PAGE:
Docker is a platform that helps containerize applications. Containerization is the process of isolating an application from the environment in which it runs, so that the application can run on different operating systems without modifying the code.
Docker is a PaaS solution. It hit the market in 2013 and has become the most popular solution nowadays for application containerization. It allows you to freeze the state of an application with a series of commands and recreate it on any other hardware that has Docker installed.
Docker has a simple declarative language
Most people use Docker to recreate a version of their software in the same state on any other computer. Docker images are created using Dockerfile files. These files use instructions such as:
FROM python:3.9 ENV PYTHONUNBUFFERED 1 RUN apt-get update # Pozwala dockerowi na zapamiętywanie zależności w naszej aplikacji COPY ./requirements.txt requirements.txt COPY ./requirements requirements RUN pip install -r requirements.txt # Dodaj naszą aplikację do kontenera COPY . code WORKDIR code RUN python manage.py collectstatic --noinput CMD ["sh", "-c", "gunicorn app.wsgi -b :8000 --log-file -"]
These are just some of them and the most popular. With them we can download another container created by another user using FROM, copy data using COPY from a local file source that is our own computer, execute a series of commands using RUN. Each command will create incrementally successive layers of the docker container. The most interesting thing is that when building the container again and changing the RUN command, the entire previous series of commands is remembered accordingly. Thanks to this, after minor changes, containers can be built really fast. At the very end, we can set the CMD that will be run when the container starts and this can be, for example, a script that starts a web server.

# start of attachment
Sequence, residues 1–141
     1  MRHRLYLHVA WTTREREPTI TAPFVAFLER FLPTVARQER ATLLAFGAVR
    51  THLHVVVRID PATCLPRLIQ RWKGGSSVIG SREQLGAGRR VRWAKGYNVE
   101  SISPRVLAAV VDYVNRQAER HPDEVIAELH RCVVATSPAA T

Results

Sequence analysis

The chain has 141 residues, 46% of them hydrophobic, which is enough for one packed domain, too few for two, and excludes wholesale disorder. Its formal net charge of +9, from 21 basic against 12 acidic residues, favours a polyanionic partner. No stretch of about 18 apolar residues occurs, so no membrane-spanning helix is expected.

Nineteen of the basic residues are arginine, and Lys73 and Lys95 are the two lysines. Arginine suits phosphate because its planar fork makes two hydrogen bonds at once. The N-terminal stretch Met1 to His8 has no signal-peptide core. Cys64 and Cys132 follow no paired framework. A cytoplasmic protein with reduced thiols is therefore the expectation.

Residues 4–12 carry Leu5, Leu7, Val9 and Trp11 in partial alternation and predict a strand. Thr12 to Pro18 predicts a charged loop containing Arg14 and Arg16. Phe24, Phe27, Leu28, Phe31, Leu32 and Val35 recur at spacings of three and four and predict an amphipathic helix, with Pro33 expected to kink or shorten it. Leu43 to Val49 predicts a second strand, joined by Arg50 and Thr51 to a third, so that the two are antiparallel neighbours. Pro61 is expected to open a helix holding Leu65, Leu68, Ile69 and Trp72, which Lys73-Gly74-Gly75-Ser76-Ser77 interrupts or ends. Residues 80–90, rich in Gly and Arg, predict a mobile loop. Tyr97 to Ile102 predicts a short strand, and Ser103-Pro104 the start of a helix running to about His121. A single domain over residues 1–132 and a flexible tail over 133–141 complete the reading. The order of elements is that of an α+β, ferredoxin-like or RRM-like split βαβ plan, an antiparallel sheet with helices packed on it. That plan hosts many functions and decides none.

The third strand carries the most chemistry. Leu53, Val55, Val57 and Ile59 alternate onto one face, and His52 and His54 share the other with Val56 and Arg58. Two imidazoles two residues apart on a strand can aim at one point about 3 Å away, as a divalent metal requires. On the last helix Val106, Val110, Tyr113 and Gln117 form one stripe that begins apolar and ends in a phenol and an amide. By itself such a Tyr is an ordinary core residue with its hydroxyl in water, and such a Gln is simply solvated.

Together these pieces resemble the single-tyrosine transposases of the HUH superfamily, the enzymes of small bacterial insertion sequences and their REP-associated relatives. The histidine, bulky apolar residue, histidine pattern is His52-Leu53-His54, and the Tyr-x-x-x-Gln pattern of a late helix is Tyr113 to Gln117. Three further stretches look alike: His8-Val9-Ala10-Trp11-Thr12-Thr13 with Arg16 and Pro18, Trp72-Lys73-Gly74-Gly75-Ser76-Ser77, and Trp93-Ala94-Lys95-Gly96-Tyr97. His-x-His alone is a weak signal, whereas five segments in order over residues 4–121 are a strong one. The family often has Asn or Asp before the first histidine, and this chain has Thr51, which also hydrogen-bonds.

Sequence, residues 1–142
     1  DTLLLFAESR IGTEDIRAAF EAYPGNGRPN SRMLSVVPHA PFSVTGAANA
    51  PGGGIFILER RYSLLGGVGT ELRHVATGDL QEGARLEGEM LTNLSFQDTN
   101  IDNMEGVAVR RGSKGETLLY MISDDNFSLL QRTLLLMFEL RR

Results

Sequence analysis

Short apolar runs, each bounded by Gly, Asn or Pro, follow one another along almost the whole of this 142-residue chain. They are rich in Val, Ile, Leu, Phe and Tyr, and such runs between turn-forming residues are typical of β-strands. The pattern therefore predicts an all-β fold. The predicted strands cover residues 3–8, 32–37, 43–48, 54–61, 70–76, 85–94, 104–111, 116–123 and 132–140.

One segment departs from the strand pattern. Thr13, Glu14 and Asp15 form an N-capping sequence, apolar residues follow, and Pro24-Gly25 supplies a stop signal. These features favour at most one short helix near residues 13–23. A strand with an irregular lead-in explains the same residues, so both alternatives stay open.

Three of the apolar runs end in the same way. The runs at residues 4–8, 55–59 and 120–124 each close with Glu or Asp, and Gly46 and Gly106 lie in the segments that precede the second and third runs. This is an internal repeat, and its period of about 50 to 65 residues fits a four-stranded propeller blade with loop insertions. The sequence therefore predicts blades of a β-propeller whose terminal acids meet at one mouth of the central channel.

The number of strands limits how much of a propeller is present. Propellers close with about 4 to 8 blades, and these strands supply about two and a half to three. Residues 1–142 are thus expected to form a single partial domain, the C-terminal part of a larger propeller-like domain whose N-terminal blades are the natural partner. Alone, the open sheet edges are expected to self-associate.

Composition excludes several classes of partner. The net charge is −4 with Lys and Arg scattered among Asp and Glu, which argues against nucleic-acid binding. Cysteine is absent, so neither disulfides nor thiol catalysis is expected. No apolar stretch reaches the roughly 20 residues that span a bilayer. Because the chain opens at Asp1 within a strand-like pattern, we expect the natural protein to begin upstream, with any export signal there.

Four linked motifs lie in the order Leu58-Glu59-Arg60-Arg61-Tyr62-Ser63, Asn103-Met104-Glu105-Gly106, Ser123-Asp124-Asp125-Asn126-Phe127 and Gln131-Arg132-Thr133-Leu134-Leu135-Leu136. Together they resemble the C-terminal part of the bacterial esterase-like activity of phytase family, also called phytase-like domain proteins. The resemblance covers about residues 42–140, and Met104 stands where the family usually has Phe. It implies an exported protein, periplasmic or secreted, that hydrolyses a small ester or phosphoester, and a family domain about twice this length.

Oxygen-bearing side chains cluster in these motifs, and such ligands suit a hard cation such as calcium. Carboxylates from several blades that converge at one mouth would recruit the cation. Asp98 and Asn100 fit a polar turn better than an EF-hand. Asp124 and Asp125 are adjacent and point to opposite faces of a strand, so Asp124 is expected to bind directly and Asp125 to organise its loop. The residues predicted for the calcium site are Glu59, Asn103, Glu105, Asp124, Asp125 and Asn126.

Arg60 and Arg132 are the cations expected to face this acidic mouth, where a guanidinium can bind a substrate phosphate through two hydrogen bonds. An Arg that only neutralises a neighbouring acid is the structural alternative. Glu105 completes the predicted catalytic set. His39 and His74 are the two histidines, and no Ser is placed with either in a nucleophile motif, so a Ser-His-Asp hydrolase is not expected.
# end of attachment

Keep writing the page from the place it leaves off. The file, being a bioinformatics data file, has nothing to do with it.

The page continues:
The Docker command line allows advanced operations on containers
Using the Docker interface, we can perform operations such as building a container or launching it. We can log in to other Docker providers and push the built container to them. We can version our containers so that we can revert to an older version of the container at a critical moment.
docker login docker build -t [username/]<image-name>[:tag] <dockerfile-path> docker push [registry/][username/]<image-name>[:tag]
The whole solution allows us to build software in a modern way and quickly exchange best patterns. Most open-source providers have ready optimized versions of their software in the form of Dockerfiles, so we can quickly check them out in an isolated and independent way from our software. It's important to remember that docker containers are independent of each other and have a file system separate from each other. If we do not allow it, they do not share any files with each other. This avoids version conflicts and allows us to focus on developing quality software.